Environmental Protection in United Kingdom
Significant developments in environmental law can be traced back to the 1800s; and dealt largely with public health concerns initially. Only since the 1970s however, has “environmental law” as a separate concept formed to tackle the objective of “sustainable development” Common law too has played an equally vital part in between these developments. Indeed, the purpose of environmental laws from 1800s to present has shifted. This shift in purpose shall be discussed, but firstly, taking into considerations the definitions of “purpose”, “environment”, and “law”; the question shall be interpreted to ask what the intention of the values are in law and policy,concerning the air, land, and water. Victorian environmental law reflected very muchthe concerns of “nuisances” to public health. Industrialisation only accentuated these concerns within popular values and provisions were taken to intentionally rid the people of such ?nuisance?. An early example of this creeping concern is the Factories Act 1833.
Victorians had mere appreciation of “nuisance”. What would be considered as pollution in modern perspective was seen as an indicator of prosperity in Victorian Britain. Nevertheless, public health concerns materialised in environmental “nuisance” law. To illustrate, the Smoke Abatement (Metropolitan) Act 1853 provided for the control of the nuisances from smokes and vapours in the air dangerous to human health.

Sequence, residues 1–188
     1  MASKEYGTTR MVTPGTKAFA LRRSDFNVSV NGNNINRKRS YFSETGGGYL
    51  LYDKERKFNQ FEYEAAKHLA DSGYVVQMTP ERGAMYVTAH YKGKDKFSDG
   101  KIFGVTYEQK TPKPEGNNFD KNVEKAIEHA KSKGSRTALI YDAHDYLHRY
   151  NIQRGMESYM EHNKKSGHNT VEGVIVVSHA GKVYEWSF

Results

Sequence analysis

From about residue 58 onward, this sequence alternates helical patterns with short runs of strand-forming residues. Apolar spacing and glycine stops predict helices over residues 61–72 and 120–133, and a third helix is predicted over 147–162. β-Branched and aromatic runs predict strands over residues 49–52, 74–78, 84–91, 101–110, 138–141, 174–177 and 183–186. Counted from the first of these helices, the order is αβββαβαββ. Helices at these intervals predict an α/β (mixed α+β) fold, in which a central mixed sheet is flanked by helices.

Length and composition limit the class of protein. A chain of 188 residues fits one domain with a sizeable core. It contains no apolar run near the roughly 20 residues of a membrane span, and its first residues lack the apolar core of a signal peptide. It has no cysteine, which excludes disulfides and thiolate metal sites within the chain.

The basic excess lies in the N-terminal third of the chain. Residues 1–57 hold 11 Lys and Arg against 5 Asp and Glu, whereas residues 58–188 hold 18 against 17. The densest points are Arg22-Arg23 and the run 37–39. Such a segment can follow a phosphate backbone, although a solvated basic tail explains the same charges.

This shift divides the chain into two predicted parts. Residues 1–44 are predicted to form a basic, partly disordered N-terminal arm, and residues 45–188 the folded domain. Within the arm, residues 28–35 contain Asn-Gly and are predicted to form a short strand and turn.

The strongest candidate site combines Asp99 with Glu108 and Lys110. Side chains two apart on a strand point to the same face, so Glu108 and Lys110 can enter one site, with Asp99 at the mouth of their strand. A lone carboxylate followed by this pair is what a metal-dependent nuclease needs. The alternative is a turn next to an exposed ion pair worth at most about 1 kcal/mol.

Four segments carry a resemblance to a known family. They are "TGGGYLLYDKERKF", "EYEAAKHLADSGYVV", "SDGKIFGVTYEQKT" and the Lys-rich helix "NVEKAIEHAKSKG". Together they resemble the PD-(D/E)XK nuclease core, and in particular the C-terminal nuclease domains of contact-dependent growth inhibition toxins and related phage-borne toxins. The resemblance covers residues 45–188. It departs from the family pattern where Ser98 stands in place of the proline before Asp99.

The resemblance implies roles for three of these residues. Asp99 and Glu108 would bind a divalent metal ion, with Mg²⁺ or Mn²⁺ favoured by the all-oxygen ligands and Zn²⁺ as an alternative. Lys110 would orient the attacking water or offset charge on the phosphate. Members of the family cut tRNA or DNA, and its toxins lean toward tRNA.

- Environmental Protection in the Encyclopedia of Britain
- Environmental Protection in the Osborn’s Concise Law Dictionary
- Environmental Protection in the Halsbury’s Laws of England
- Environmental Protection in the Stroud’s Judicial Dictionary of Words and Phrases
- Environmental Protection in the Jowitt’s Dictionary of English Law
- Environmental Protection in the New Oxford Companion to Law
- Environmental Protection in the Words and Phrases Legally Defined
- Environmental Protection in the Oxford Dictionary of Law